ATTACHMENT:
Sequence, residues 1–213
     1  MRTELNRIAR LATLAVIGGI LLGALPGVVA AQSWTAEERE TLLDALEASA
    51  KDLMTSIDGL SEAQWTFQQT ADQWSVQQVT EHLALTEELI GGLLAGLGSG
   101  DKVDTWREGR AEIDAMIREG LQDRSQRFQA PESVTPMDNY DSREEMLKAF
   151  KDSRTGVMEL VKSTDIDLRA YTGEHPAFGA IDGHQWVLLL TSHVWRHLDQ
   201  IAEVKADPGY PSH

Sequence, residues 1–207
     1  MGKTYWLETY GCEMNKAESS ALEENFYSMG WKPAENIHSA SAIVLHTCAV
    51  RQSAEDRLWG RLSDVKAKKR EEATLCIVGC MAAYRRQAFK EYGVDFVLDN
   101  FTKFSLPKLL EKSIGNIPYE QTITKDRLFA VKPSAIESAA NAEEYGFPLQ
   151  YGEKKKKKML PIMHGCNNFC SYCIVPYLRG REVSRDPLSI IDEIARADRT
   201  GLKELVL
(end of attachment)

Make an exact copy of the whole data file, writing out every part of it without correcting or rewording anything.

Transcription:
Sequence, residues 1–213
     1  MRTELNRIAR LATLAVIGGI LLGALPGVVA AQSWTAEERE TLLDALEASA
    51  KDLMTSIDGL SEAQWTFQQT ADQWSVQQVT EHLALTEELI GGLLAGLGSG
   101  DKVDTWREGR AEIDAMIREG LQDRSQRFQA PESVTPMDNY DSREEMLKAF
   151  KDSRTGVMEL VKSTDIDLRA YTGEHPAFGA IDGHQWVLLL TSHVWRHLDQ
   201  IAEVKADPGY PSH

Sequence, residues 1–207
     1  MGKTYWLETY GCEMNKAESS ALEENFYSMG WKPAENIHSA SAIVLHTCAV
    51  RQSAEDRLWG RLSDVKAKKR EEATLCIVGC MAAYRRQAFK EYGVDFVLDN
   101  FTKFSLPKLL EKSIGNIPYE QTITKDRLFA VKPSAIESAA NAEEYGFPLQ
   151  YGEKKKKKML PIMHGCNNFC SYCIVPYLRG REVSRDPLSI IDEIARADRT
   201  GLKELVL